Research is clear: when teachers of color lead in classrooms and schools, all students benefit. Yet districts across the nation struggle to recruit and retain the diverse educators that play such a pivotal role in the lives of students. Understanding the perspectives of students of color—the generation that will soon enter the workforce—is critical to identifying sustainable solutions to diversifying the teacher pipeline. The way that students of color and indigenous students are treated by adults in the building, the curriculum and instruction they receive, the opportunities they have to connect with fellow students, and how they see their culture reflected in their school all factor heavily into whether or not they would consider teaching as a career.
“Seeing Myself: Students of Color on the Pros and Cons of Becoming Teachers” elevates the nuanced perspectives of students of color and indigenous students and lays out the essential changes education system leaders must make to build a diverse teacher workforce.
“When it comes to diversifying the teaching force, decision makers should listen to students because it affects us the most now and it will impact us the most in the future. Schools should include everyone and every topic and culture. That is what a school of the future should look like to serve students like me.”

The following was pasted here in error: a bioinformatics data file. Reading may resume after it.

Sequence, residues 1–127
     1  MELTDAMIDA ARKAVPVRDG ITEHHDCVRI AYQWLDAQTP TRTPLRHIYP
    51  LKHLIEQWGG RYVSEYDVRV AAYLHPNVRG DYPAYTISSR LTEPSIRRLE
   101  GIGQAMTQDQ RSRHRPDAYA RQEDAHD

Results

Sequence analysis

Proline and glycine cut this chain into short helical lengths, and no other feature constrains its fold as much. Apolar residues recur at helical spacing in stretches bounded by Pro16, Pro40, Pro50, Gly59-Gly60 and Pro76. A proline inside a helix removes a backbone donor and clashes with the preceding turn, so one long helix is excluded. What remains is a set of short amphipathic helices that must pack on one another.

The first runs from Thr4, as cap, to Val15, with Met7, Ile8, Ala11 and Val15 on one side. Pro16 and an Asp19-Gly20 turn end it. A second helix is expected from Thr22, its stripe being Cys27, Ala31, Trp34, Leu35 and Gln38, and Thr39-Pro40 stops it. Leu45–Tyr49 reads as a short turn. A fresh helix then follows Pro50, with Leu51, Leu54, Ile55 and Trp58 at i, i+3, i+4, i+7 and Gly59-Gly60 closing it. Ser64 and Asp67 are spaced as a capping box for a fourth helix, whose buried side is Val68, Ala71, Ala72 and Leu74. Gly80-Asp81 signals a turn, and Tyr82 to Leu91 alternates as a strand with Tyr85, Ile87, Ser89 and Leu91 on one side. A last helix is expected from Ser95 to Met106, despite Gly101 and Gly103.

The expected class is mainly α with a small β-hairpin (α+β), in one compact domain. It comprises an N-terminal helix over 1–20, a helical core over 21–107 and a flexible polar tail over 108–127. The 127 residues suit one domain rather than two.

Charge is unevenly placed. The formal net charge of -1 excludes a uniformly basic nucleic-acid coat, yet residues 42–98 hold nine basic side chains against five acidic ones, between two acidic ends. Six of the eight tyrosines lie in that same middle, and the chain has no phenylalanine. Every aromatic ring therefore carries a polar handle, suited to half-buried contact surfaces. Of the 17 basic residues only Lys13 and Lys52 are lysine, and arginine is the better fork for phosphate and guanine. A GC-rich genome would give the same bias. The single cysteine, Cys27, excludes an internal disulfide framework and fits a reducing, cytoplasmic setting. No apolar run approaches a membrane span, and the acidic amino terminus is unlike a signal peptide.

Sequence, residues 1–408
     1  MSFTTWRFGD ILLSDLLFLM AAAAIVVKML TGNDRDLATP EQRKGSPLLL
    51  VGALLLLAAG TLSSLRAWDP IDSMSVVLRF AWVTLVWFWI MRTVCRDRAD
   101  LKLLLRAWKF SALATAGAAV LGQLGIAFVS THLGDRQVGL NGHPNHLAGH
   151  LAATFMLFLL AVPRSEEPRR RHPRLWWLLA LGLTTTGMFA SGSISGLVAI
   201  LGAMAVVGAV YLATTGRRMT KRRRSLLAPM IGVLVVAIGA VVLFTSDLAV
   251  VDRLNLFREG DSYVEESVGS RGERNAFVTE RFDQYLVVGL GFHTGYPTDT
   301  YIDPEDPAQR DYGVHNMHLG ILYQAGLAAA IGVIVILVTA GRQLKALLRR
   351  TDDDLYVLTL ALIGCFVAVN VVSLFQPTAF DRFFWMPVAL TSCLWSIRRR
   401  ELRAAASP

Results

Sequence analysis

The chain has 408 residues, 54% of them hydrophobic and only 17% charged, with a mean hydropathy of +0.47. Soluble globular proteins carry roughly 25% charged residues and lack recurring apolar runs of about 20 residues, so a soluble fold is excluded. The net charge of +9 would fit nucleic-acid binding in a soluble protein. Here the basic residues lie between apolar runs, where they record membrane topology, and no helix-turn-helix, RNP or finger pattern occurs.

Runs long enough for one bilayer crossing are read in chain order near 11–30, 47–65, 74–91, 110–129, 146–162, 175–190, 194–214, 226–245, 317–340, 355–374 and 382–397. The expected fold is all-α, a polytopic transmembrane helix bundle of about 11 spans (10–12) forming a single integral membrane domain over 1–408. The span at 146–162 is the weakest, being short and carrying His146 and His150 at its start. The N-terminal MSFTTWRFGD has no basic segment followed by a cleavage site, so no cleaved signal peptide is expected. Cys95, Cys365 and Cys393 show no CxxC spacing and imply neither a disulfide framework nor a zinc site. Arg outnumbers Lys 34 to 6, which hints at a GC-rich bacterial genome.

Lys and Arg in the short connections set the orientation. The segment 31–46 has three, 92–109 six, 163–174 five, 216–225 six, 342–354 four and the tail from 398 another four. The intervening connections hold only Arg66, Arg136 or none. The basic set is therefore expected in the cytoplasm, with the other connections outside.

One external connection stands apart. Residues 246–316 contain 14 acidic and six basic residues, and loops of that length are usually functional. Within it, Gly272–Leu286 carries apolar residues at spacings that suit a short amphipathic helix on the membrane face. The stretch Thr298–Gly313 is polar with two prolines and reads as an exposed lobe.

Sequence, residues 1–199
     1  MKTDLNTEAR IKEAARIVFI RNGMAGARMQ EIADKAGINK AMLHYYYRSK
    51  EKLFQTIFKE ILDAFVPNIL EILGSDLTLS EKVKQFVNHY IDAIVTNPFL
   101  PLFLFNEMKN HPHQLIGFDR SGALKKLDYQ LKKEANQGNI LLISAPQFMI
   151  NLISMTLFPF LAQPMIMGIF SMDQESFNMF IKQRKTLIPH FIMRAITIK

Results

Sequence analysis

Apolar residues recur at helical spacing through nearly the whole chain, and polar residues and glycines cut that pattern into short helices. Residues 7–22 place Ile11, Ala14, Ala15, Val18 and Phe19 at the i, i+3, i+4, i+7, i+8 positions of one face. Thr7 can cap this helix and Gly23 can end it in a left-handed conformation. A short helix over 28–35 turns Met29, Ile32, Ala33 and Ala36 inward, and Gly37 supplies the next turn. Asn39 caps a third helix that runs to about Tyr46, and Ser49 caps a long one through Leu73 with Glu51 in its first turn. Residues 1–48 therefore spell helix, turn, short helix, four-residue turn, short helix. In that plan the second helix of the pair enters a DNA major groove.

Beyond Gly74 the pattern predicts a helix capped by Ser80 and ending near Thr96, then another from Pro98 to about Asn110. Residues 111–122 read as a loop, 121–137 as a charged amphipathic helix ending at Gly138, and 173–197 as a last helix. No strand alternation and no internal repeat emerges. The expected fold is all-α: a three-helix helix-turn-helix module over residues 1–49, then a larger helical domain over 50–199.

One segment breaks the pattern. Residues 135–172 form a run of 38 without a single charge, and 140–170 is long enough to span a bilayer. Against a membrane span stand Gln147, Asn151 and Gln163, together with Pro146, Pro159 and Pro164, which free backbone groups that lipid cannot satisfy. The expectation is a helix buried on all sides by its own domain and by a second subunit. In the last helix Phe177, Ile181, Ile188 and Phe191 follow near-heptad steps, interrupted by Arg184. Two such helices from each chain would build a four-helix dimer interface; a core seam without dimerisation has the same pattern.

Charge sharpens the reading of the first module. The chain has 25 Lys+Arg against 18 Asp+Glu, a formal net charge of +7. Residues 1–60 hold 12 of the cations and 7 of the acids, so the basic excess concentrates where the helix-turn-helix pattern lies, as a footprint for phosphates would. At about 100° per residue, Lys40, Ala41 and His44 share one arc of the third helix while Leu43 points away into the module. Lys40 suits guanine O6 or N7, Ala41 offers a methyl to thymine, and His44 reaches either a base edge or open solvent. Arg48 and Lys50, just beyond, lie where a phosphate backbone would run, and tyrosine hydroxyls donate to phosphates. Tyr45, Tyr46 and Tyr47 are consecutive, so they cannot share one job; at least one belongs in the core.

—Milan Aranda, a Nebraska student who participated in the focus groups.
National reports on the recruitment and retention of a diverse teaching force:
- To Be Who We Are: Black Teachers on Creating Affirming School Cultures
- If You Listen, We Will Stay: Why Teachers of Color Leave and How to Disrupt Teacher Turnover
Regional reports on the recruitment and retention of a diverse teaching force:
- Completing the Cycle: Supporting and Retaining Teachers of Color in Houston
- Tomorrow’s Teachers Are Watching: How Schools Can Inspire—or Turn Away—the Next Generation of Teachers of Color
- It is Time to Be Bold & Diversify Our Teaching Force: A Call to Action From California Educators of Color